In order to study the intracellular mechanism of FTRNPs, 2’,7’-dichlorofuorescin diacetate (DCFH-DA) was applied to quantitatively determine the hydroxyl radical produced intracellularly via FTRNPs at the “on state” (Fig. 4e, f). Non-fluorescent DCFH-DA can be oxidized by •OH in cells to produce fluorescent 2’,7’- dichloro-fluorescein (DCF). All groups (n = 4) were treated with H2O2 (100 µM). There was almost no fluorescence in the group under neutral conditions (pH = 7.4), indicating that mild acidic environment was an important prerequisite for triggering the Fenton reaction of Fe3O4 NPs. For mild acid conditions (pH = 6.0) groups, the mean fluorescence intensity of the group with magnetic targeting (77.29 ± 9.55) was 3.21-fold higher than the group without magnetic targeting (24.05 ± 4.62) and 15.27-fold higher than the control group (5.03 ± 0.40). The results demonstrated that FTRNPs could generate •OH under mild acid conditions (pH = 6.0) in the presence of H2O2. Meanwhile, magnetic targeting could effectively enhance the drug uptake by tumor cells and increase the production of •OH, so as to significantly improve the effect of CDT.
Furthermore, the apoptosis characteristics of 4T1 cells after different treatments (PBS/FTRNPs (100 µg/mL, Fe3O4), mild acidic conditions/neutral conditions, with/without irradiation (808 nm, 1 W/cm2, 5 min), with/without magnetic targeting) were studied by flow cytometry (Fig. 4 g, Fig. S6). Cells of all groups were labeled by apoptosis kit (Annexin V-APC/PI) after different treatments. For the mild acid conditions (pH = 6.0) groups, the groups with laser treatment or magnetic targeting displayed much higher apoptosis, including early and late apoptosis, compared with the group only treated with FTRNPs. Meanwhile, the FTRNPs-treated groups with both laser treatment and magnetic targeting showed ~ 53.97% apoptosis. In contrast, all treated groups at the neutral conditions (pH = 7.4) showed negligible effect on the cell apoptosis. These results further identified the tumor-specific photo-chemodynamic synergy effect via dual-targeting nanozyme.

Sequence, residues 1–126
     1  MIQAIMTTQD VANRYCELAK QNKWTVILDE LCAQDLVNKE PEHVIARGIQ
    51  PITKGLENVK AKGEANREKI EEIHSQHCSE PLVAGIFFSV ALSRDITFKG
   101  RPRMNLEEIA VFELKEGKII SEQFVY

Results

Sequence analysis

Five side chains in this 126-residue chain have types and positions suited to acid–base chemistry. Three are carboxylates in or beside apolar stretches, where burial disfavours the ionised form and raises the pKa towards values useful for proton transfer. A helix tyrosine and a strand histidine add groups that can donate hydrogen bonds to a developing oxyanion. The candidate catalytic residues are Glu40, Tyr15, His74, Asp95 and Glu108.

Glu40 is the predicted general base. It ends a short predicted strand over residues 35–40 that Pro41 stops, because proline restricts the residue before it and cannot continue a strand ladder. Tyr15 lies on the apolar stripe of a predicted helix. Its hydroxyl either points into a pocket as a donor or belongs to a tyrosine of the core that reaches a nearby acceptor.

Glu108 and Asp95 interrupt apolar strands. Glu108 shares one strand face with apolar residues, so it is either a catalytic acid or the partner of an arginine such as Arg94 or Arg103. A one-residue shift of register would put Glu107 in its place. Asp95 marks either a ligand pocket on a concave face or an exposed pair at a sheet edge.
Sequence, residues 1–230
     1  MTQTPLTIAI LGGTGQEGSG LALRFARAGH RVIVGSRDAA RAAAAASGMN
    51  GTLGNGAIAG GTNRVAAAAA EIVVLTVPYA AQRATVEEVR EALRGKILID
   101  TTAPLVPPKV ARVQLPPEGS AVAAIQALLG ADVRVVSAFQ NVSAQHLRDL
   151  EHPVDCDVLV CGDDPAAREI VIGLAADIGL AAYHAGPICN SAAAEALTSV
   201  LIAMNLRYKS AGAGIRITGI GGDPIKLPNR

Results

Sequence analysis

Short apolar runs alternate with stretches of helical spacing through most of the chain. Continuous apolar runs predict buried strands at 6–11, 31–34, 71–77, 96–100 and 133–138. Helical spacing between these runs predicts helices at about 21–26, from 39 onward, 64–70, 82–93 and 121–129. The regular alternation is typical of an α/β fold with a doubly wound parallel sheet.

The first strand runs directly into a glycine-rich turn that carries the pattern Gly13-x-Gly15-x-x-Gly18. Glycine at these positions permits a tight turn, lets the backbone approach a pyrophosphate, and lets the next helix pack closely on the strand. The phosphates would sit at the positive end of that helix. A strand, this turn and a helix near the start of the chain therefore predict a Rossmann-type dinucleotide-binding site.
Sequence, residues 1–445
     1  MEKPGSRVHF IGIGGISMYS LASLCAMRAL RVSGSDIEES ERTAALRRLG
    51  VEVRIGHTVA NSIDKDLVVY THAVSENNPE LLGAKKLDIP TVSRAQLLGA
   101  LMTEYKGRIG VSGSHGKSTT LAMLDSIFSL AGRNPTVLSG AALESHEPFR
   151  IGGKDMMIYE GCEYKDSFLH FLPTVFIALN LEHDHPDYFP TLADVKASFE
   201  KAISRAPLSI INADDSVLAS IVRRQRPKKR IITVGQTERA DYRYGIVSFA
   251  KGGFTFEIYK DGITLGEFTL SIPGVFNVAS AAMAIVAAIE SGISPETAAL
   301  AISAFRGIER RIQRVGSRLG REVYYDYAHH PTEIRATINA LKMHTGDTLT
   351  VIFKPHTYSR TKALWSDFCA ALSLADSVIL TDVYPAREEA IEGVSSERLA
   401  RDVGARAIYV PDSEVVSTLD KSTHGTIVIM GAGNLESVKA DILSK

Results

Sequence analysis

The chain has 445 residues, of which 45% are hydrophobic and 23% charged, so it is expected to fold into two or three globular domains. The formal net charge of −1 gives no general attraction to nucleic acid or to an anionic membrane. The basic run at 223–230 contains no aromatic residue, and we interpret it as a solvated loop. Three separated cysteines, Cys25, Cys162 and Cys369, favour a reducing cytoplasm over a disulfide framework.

In vivo biocompatibility of FTRNPs
Hematology analysis, blood biochemistry, and histological examination (H&E) were applied for evaluating in vivo biocompatibility of FTRNPs. After systemic administration of FTRNPs (10 mg/kg, Fe3O4, n = 3), the main parameters of blood biochemistry and hematology, including white blood cell counts (WBC), red blood cell counts (RBC), granulocyte percentage (Gran), hemoglobin (HGB), hematocrit (HCT), mean corpuscular hemoglobin concentration (MCHC), mean platelet volume (MPV), mean corpuscular volume (MCV), platelets (PLT), red blood cell distribution width (RDW), lymphocyte percentage (Lymph), monocyte percentage (Mon), showed no apparent abnormalities on days 1, 7 and 14, comparing with those of the control group (Fig. S7). Moreover, the H&E results of major organs (including heart, liver, spleen, lung, and kidney) of FTRNPs-treated mice (10 mg/kg, Fe3O4) showed no obvious histopathological abnormalities or lesions on days 1, 7, and 14 (Fig. S8). Thus, these results indicated that there were no FTRNPs-induced toxicities in vivo.
In vivo dual-responsive tumor-specific imaging